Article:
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Immigration In America: The Experience, Ronny Garcia

1134 words - 5 pages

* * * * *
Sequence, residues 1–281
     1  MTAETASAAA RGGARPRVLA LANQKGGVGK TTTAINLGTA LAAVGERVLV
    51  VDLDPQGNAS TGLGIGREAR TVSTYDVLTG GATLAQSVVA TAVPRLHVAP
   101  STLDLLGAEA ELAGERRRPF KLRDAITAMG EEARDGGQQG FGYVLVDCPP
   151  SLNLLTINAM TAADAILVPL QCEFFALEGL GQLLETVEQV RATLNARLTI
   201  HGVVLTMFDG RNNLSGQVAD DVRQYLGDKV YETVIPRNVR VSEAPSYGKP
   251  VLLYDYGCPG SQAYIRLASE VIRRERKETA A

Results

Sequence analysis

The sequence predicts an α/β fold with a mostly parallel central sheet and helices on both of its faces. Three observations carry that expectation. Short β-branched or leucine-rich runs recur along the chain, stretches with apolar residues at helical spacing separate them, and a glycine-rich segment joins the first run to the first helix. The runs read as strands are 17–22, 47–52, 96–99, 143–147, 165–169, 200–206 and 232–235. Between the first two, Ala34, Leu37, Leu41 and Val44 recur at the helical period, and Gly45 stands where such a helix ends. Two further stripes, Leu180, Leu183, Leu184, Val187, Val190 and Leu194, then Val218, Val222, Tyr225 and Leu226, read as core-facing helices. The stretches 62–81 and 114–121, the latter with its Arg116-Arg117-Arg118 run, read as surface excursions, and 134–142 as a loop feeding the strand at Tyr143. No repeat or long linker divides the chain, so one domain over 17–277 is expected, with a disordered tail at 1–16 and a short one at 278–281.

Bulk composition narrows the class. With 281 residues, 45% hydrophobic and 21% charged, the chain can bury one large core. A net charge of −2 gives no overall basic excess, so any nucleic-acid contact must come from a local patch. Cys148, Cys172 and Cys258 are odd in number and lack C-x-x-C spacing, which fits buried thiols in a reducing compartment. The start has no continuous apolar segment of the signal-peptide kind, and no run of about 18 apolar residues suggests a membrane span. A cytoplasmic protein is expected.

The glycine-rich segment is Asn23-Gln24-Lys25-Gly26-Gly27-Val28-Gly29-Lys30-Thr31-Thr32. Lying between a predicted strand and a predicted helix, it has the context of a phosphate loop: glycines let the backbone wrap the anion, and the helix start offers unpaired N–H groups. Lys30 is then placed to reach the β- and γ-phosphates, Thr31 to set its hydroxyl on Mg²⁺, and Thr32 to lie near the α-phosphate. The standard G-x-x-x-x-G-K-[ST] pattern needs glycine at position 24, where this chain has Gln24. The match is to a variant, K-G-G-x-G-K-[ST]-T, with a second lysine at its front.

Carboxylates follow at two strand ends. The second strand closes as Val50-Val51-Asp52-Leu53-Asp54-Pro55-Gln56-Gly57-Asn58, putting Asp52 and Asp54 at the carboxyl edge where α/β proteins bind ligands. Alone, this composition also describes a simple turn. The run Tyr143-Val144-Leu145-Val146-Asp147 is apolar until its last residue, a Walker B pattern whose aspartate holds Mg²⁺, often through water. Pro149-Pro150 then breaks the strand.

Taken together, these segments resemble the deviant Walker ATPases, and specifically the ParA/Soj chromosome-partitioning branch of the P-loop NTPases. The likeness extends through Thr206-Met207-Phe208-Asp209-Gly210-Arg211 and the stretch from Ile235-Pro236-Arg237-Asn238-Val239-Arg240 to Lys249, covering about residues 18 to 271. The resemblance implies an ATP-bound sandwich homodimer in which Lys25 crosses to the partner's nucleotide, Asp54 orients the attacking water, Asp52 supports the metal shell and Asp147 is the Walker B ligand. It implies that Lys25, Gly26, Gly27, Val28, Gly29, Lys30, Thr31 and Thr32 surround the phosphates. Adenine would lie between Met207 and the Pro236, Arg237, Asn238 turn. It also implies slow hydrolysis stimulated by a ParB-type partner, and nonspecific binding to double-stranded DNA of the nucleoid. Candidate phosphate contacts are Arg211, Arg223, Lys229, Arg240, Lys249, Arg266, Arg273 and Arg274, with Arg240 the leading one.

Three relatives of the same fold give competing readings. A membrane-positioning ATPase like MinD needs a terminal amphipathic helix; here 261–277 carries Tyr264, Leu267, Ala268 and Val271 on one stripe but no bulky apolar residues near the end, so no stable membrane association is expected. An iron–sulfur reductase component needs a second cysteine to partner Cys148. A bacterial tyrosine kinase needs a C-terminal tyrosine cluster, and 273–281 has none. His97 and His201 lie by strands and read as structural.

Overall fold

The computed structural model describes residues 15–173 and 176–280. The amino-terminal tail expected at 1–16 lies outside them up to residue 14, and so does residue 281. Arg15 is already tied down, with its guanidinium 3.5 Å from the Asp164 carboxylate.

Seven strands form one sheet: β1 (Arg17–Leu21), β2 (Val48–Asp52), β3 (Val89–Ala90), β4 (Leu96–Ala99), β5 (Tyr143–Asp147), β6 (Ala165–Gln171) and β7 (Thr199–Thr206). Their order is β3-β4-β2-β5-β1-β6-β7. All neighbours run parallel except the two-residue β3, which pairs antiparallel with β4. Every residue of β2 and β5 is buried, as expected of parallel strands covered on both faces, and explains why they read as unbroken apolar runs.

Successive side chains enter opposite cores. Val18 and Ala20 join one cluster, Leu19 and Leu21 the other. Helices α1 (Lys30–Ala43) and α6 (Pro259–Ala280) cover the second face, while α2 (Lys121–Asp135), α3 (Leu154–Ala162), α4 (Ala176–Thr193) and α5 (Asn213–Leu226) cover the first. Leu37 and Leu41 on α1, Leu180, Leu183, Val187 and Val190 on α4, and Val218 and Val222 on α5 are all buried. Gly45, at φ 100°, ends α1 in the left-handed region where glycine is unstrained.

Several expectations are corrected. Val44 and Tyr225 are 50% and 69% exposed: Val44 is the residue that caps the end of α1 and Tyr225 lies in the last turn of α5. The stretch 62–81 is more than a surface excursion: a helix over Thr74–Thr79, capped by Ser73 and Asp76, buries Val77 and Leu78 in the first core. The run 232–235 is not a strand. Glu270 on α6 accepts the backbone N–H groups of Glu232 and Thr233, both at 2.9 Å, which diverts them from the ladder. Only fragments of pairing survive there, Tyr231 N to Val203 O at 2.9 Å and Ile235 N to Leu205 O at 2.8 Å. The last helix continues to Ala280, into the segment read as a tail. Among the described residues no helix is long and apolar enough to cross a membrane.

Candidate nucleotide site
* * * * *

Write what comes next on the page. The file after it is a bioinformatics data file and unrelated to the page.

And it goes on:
Immigration has always been a major base for population growth and cultural diffusion in the United States, aside being founded by European immigrants. The history of American immigration can be divided into three main segments: colonial times, the turn/beginning of the 20th century and from the late 1960's to the present. Each period brought many different ethnicities and distinct races to America. During colonial times, most immigrants came from Northern Europe, by the 20th century until 1930, most immigrants came from Southern and Eastern Europe and in our generation, most immigrants have come from Latin America. Yet not all immigrants experienced the same hardships that others went throughAccording to the Untied States Census Bureau, the population in America at the end of the 19th century and into the 20th century (1900 - 1930) was 122,775,046. Yet, 14,204,149 of this population were foreign born. These people were most likely to be from the countries of Ireland, Italy, France, Norway, Germany, Poland, Hungary, Greece and Russia. Escape from religious, racial or political discrimination, or the search for new economic opportunities were reasons for emigration for most immigrants in America. Ranging from the age of 5 to 52, most of these immigrants were pushed into America through Ellis Island in New York. Here they were asked up to 29 questions including: name, occupation, and the amount of money they carried with them, relatives or a job in the United States, if they were polygamist or anarchist and more. While in other rooms, nurses and doctors checked if any immigrant had any contagious diseases. Thischeck for diseases were done because by 1891, The United States had introduced laws for immigration regulation. In 1899, for example, Congress barred from admission those "suffering from a loathsome or a dangerous contagious disease" and those "convicted [of] a misdemeanor involving moral turpitude" like anarchists and polygamists.Immigration for those coming to America from the late 1960's and on, was fairly different. Most "new" immigrants from the 1960's and on came from various countries; the most common of which being: Mexico, People's Republic of China, Philippines, India, Cuba, Colombia, Saudi Arabia, Iran, Yemen, Dominican Republic, El Salvador, Vietnam, Jamaica, South Korea, Guatemala, Brazil and Ghana. These countries contributed to a foreign born population of nearly 19,800,000 in the 1990 U.S Census.Reason for emigration were also slightly different. Some reasons included Sports, escape from political turmoil and civil war, escape from persecution by regiment governments and some came to be apart of a capitalist democracy (mostly Chinese).vvYet, the main reason immigrants were pulled t the United States was the opportunity it gave to most as an aid and a way to earn a better living than they could in their home countries. In Mexico, for example, between November 1994 and February 1995, millions lost their jobs and fell into...

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